Fischer acknowledges that these four folkways do not exhaust all early settlement in America, British or otherwise. Other relevant groups include Dutch in New York and immigrants who preceded the great migrations of the four folkways that are the focus of “Albion’s Seed.” (They also include outriders, like “an eccentric Devon family called Maverick” that settled in Boston, had trouble with the Puritans, moved away, and kept moving as they came into conflict with others, ending up on the Western plains. “Their name was given to range cattle that bore no man’s brand, and became a synonym for independent eccentricity in American speech.”) But all of these were much smaller groups and, in Fischer’s view, much less relevant for the way the four original American folkways expanded geographically and culturally, until later swamped by non-British immigrant folkways, leaving behind as their main legacy a combination view of freedom that makes us who we are today.
For each of the four folkways, Fischer examines each of the following “ways”: speech, building, family, marriage, gender, sex, child-rearing, naming, age, death, religious, magic, learning, food, dress, sport, work, time, wealth, inheritance, rank, association, social, order, power, and, most importantly, freedom. He examines each way, for each folkway, with both quantitative (where available) and qualitative measures. For example, speech is examined with the qualitative indicators of “pronunciation, vocabulary, grammar” and the quantitative indicator of “speech frequencies.” Sex is examined with the qualitative indicators of “ideas and language” and the quantitative indicators of “prenuptial pregnancy, bastardy and fertility.” About 200 pages detailed pages are spent on each of folkway; at the end of each section, the reader has, or at least feels he has, a real grasp of how a prototypical member of that folkway lived, thought, and acted. And, just as importantly, how that differed from a prototypical member of a different folkway. A review can’t do justice to all the fascinating details (for example, you can learn all you want about different methods of food preparation in each folkway, and from where they derived, as well as methods of building and architecture, and endless more). Reading the book is the only way to get all the good information, but I will focus on highlights, as well as Fischer’s overall theme of liberty.
Intermittently, usually in the copious footnotes, Fischer adverts to various competing hypothesis about one matter or another. When he rejects those in favor of his, he says so clearly. When he sees value in them, he says so, and why. He generally rejects outright any ideological theses; he banishes as mostly irrelevant Marxist or other purely materialist revisionist views, or those that, for example, try to prove inanities such as that the Puritans were not strongly driven to precise action by precise religious beliefs. For example, he notes that contrary to revisionists, the Puritans did not come to catch fish, and their religious beliefs were not confined to a small oligarchy. Such pithy summations of matters that doubtless occupy much ink of professional historians add real value to the book, for it gives confidence to the reader that the author has mastered his subject.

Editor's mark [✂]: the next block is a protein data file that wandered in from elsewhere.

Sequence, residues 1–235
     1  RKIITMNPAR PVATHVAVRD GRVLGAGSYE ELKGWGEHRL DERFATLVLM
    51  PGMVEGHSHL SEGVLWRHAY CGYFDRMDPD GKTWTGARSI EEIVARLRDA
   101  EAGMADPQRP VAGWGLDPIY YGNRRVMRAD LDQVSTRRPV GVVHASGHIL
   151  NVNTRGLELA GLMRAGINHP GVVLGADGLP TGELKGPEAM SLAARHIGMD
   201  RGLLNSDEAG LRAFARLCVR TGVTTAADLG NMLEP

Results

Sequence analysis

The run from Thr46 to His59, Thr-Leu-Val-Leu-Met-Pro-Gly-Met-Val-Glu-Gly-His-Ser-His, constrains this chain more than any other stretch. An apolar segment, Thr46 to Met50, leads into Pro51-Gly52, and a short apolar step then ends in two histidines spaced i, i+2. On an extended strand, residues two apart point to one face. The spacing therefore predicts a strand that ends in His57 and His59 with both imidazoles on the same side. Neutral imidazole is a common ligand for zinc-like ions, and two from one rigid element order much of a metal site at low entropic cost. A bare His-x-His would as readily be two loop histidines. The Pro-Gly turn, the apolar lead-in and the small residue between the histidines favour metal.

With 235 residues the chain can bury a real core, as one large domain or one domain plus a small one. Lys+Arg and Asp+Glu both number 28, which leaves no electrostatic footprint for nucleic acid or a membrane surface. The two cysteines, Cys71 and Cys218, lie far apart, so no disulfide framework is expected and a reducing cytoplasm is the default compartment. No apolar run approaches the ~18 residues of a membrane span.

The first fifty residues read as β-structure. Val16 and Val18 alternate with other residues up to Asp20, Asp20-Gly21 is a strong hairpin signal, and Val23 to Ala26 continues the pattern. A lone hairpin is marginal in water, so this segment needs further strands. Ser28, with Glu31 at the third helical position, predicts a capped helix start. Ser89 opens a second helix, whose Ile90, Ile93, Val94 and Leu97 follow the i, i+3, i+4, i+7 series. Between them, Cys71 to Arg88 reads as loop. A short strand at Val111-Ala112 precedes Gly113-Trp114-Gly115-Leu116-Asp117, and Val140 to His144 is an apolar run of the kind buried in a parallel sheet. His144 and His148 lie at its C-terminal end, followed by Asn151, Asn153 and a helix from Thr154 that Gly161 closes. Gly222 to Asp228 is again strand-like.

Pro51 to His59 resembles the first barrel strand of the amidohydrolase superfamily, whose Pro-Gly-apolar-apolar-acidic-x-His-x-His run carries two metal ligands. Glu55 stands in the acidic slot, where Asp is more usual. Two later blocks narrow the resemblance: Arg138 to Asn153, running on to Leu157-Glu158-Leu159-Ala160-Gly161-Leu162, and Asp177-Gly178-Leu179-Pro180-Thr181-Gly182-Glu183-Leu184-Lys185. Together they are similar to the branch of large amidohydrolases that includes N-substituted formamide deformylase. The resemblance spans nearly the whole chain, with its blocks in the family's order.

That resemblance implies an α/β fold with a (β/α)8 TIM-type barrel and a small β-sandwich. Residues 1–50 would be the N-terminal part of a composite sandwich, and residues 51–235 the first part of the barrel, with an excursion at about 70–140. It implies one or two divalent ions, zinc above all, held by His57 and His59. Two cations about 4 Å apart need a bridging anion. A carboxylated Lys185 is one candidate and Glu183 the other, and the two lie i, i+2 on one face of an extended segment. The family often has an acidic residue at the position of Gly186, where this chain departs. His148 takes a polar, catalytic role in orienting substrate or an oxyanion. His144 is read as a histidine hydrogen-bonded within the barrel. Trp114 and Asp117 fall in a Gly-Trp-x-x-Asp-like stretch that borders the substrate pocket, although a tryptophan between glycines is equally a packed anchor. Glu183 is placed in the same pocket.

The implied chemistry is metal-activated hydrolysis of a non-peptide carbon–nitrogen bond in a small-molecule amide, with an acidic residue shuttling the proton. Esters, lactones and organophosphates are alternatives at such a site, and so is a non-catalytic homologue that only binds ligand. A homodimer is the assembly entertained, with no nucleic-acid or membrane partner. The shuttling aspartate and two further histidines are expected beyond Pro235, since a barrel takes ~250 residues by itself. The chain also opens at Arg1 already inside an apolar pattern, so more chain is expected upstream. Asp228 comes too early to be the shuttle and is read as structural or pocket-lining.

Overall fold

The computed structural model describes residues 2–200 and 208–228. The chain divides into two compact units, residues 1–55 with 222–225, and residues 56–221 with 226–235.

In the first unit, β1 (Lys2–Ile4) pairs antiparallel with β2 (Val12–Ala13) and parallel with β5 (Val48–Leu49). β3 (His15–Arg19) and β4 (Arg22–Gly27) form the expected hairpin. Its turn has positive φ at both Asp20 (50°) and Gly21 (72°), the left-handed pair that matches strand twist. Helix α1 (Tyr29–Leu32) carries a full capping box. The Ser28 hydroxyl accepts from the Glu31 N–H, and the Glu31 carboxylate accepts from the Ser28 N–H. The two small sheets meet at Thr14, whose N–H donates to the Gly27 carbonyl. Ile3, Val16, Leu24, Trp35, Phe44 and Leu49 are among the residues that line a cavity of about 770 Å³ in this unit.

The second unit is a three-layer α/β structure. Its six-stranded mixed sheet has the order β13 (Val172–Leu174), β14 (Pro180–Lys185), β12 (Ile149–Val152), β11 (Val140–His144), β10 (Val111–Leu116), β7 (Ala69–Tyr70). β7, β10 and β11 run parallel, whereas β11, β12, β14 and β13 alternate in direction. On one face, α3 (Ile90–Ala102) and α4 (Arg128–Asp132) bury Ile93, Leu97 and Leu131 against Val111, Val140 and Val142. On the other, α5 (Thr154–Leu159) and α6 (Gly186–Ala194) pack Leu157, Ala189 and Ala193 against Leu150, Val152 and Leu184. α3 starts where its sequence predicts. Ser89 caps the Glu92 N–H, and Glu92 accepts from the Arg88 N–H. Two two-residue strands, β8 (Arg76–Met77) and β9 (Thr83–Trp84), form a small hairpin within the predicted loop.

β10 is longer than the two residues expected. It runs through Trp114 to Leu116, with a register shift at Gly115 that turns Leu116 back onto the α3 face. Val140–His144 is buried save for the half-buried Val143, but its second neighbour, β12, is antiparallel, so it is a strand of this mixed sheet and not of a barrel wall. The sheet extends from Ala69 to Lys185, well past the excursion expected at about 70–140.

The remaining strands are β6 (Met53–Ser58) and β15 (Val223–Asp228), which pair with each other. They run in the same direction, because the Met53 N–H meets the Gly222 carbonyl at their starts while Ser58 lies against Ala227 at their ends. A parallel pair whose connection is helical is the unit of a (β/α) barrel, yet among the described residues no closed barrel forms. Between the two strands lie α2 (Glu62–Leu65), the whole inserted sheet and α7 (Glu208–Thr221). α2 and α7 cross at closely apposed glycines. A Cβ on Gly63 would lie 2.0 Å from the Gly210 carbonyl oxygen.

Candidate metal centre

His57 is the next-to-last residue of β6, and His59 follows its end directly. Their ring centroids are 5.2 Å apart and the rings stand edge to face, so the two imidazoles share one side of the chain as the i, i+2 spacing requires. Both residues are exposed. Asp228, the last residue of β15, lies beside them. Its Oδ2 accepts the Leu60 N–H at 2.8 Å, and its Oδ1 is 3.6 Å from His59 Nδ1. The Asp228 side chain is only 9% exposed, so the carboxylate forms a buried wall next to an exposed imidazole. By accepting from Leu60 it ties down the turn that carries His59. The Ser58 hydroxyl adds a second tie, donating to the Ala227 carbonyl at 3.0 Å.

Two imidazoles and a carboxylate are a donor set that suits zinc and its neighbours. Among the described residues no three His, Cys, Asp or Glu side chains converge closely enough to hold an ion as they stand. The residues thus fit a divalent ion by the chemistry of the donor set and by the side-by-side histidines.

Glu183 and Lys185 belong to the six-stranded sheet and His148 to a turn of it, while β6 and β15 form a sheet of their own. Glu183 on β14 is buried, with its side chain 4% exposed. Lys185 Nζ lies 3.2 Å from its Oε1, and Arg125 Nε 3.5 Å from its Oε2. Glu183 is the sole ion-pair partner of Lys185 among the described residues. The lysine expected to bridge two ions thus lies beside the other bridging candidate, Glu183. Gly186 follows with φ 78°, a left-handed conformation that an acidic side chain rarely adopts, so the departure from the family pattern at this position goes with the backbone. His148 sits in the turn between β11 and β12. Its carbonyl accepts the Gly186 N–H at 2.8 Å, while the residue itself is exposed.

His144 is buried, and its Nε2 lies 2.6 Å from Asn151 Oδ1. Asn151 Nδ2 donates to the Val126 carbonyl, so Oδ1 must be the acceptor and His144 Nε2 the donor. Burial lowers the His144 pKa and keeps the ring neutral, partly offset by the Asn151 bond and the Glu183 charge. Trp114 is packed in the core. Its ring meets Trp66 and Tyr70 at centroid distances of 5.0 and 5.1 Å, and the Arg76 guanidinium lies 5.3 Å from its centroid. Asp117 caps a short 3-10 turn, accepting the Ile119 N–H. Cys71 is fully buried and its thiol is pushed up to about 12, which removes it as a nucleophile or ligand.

An interesting theme to which Fischer repeatedly returns it that not only did each American folkway diverge from its English precedent, which is natural, but each strongly resisted such change, clinging to many cultural elements that had long disappeared in England. Cotton Mather famously called for resistance to “Criolan degeneracy,” and the same spirit, if not as vigorously, appeared in all areas of America. (Although Fischer does not mention it, Cotton Mather was negatively contrasting the Spanish tendency to adopt native customs and intermarry; “criollo” is the Spanish term for local people with all, or nearly all, Spanish ancestors, and, of course, the origin of our term “creole,” which means something somewhat different.)
As to the Puritans, Fischer portrays them much as they are commonly thought of—God-haunted and strict, with very little of a private sphere in their communities. But, in many ways, they were surprisingly modern. Husbands could not verbally abuse wives, much less physically abuse them, and punishments against such abuse were strictly enforced. Men and women were spiritually equal, and in fact women were admitted at higher rates to churches (a process involving a long process of approval, not just showing up on Sunday and signing a list), though men were expected to take most leadership roles. Similarly, men and women were punished identically for sexual sins. There was little hierarchy, with most settlers coming from the middle ranks of East Anglia, although naturally there was some hierarchy, including immense respect paid to the aged. Time focus was on “improving the time”—using one’s time profitability. These, and many more fascinating details, draw a clear, nuanced and compelling picture of Puritan folkways.